Nope, you can’t drink liquid stocks — but you can trade them!
Liquidity indicates how easily you can turn an asset into cash. That includes houses, books, and yep … stocks.
This is one key indicator of how tradeable a stock is. So you should absolutely know what it is, how it’s calculated, and why it matters.
Let’s explore why it’s so important to find liquid stocks!
Table of Contents
- 1 What Are Liquid Stocks?
- 2 Why Is Liquidity Important for Trading Stocks?
- 3 How to Identify Good Liquid Stocks for Trading
- 4 How Is Stock Liquidity Calculated?
- 5 How StocksToTrade Can Help You Find Liquid Stocks
- 6 Are Liquid Stocks Good for Trading?
- 7 Time of Day
- 8 Examples of Liquid Stocks
- 9 Conclusion
- 10 One Platform. One System. Every Tool
What Are Liquid Stocks?
These are stocks you can trade without substantially affecting their price.
You can easily enter and exit. And the quoted stock price is close to the price at which your trade orders will fill.
Most low-priced and penny stocks aren’t liquid … We call these illiquid stocks.
Why Is Liquidity Important for Trading Stocks?
There’s nothing scarier than being in an illiquid stock and seeing it drop 10% on the next tick.
And that drop isn’t because of any negative news. It’s because there aren’t enough traders to keep the price moving smoothly.
When stocks aren’t liquid, the price might take minutes or hours to move. Since there aren’t enough traders to keep things liquid, the price jumps a lot on each trade.
If a liquid stock is trading at $10, you can exit fairly close to that price — $10.10 for example.
However, if an illiquid stock is trading at $10, you can end up exiting fairly far from that price — $11, for example.
That kind of slippage can mean your losses rack up fast. That risk isn’t worth trading illiquid stocks over the long run.
Don’t trade illiquid stocks! They’re choppy, have high spreads, and are difficult to get in and out of.
When you analyze illiquid stock charts, it’s tough to see intraday chart patterns or support and resistance levels too.
It’s just smart trading to stick to liquid stocks.
How to Identify Good Liquid Stocks for Trading
Be aware that trading liquid stocks is key to finding consistency. You don’t want to be chopped around each tick.
Stock liquidity increases when stocks are hot and volatile. And it fades when they cool off and become less volatile.
And just because a stock is liquid today doesn’t mean it will be tomorrow. Interest in a stock can fade quickly. So you have to think about how volume might decrease with time.
A stock that was liquid a week ago might not be liquid today.
You’ll usually find illiquid stocks in the OTC markets. I rarely trade them since I prefer listed stocks. But it’s important to be aware of ‘em, in case you do.
Even when an OTC stock is very liquid, it can have liquidity issues during large price movements. For instance, it can be tough to sell during a panic and tough to buy during a squeeze.
Sometimes it might take minutes to fill your order. And there will be a large spread to boot … It’s a raw deal when seconds count.
OTC stocks will be slower to execute even if they’re as liquid as a listed stock.
It’s important to be very careful when trading OTC stocks. Always use Level 2 quotes when trying to time a trade during a squeeze or panic.
How Is Stock Liquidity Calculated?
Stock liquidity is measured using volume. Volume is how many shares are traded. More volume means more liquidity. You’ll find liquid stocks will typically have lower spreads too. Let’s look at how you can calculate stock liquidity.
Sometimes you wanna compare a stock’s current volume to a previous day’s volume. But the volume at the start of the day is typically a lot less than its total volume at the end of the day.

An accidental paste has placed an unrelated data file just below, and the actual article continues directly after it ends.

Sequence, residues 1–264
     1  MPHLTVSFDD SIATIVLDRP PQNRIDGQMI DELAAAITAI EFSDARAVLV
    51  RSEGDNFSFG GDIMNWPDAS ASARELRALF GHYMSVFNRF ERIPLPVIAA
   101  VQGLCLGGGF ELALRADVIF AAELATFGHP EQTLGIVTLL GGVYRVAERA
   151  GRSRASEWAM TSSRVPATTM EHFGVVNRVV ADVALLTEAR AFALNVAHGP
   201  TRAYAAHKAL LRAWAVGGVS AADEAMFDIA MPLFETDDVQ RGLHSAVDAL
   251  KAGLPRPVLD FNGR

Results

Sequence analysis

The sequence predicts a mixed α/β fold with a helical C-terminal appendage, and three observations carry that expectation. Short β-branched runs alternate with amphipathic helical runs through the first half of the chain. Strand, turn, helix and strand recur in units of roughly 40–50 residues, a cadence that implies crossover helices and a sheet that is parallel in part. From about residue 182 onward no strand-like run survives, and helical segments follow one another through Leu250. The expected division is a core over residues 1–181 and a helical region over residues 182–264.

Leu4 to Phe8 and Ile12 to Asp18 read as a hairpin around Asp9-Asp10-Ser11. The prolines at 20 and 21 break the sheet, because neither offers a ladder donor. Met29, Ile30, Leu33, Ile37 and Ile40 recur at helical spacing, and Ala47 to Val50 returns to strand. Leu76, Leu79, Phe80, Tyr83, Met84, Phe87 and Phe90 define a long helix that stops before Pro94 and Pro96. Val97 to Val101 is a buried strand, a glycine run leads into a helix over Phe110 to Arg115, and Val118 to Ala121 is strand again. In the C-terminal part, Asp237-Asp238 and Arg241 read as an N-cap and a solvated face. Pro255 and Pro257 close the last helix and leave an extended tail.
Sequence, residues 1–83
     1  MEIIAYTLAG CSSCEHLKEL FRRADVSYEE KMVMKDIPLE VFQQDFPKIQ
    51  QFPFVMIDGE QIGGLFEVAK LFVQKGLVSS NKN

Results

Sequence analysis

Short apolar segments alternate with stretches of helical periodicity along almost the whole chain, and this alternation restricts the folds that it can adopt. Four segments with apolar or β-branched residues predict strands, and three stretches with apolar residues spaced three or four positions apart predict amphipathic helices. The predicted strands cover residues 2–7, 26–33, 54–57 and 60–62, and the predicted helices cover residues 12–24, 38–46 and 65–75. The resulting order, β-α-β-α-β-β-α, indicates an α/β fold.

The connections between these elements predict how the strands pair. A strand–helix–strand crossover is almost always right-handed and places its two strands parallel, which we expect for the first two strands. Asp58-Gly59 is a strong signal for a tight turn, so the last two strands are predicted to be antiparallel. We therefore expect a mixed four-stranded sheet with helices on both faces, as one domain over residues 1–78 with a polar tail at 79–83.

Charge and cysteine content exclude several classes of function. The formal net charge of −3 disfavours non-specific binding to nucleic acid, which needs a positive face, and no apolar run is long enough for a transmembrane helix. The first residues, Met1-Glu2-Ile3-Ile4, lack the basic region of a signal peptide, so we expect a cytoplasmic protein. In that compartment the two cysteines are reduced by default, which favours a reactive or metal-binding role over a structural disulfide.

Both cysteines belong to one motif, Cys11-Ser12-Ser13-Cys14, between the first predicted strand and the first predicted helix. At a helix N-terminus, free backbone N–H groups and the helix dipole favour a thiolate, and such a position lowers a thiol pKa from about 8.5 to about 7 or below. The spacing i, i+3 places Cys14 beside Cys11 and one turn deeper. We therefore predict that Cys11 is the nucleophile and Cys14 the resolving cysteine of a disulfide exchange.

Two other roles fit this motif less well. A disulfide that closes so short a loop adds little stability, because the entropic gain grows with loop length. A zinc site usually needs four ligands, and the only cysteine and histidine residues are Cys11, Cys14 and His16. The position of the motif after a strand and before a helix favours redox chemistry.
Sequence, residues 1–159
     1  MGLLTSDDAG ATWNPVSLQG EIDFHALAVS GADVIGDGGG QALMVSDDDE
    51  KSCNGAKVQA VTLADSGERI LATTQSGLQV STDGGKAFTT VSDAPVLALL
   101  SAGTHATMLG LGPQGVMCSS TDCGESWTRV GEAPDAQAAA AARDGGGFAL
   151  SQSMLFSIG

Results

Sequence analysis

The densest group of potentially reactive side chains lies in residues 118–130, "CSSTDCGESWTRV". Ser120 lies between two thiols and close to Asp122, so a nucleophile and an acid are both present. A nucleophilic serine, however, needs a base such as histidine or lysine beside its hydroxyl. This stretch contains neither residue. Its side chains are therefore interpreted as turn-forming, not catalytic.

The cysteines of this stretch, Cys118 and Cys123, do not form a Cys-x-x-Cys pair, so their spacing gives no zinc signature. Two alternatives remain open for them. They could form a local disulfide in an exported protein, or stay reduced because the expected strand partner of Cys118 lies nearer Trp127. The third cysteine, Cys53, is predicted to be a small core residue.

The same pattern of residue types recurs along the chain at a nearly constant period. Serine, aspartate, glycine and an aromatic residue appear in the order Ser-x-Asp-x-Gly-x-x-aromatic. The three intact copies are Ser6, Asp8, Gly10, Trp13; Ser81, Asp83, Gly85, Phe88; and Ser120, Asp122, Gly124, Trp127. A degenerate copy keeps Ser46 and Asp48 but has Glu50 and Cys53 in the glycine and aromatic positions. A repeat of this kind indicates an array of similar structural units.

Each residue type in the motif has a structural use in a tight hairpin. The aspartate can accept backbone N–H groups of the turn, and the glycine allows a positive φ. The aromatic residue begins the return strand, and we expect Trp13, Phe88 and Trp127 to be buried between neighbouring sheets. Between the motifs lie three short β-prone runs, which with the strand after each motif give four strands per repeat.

So to estimate a stock’s total volume at the end of the day, you have to extrapolate how much more volume it could make.
Keep in mind, premarket volume is usually lower than regular trading volume. And the first hour’s volume is usually the greatest of the day.
While volume shows how many shares were traded. We usually wanna deal with dollars. After all, our trading account is measured in dollars.
So, another way to calculate stock liquidity is dollar volume. This gives us a better idea of how many dollars were traded. It can be a more accurate representation of how stock liquidity relates to actual cash. Dollar volume shows how many dollars were traded over the day.
As a rough estimate — you can generally consider stocks over $10 million daily dollar volume as liquid.
These are more likely to be easy to enter and exit. But stocks close to that $10 million level might still be choppy and not as smooth. I think it’s smart to look for a dollar volume much greater than $10 million.
Keep in mind, you never want your trade to move the market significantly. So aim for a maximum position size of 1% of the dollar volume in the stock. This is especially useful with low-priced stocks that seem liquid. But because their prices are low, so is their dollar volume.
Dollar Volume Calculator
- Current Dollar Volume = Current Daily Volume x Current VWAP
- Dollar Volume = Total Daily Volume x Closing VWAP
VWAP stands for volume-weighted average price. It’s the average stock price throughout the day. More trades at a certain price will push VWAP toward that price.
How StocksToTrade Can Help You Find Liquid Stocks
One of the biggest features of StocksToTrade is its turbocharged screener. The custom-built scans will filter out the stocks you’re looking for. There are 40+ built-in scans included in StocksToTrade. And you can create plenty of more custom scanners tailored to your needs.
Add StocksToTrade to your daily trading plan — get your 14-day trial for just $7!
Here’s how you can use StocksToTrade to help you find liquid stocks…
To enable dollar volume in the StocksToTrade Screener Result window:
- Right-click on a column header
- Select ‘Add new column’
- Select ‘Basics’
- Select ‘Level 1’
- Click ‘$Volume’
Click on the ‘$Volume’ column header to sort results in descending order. Click again to sort the results in ascending order.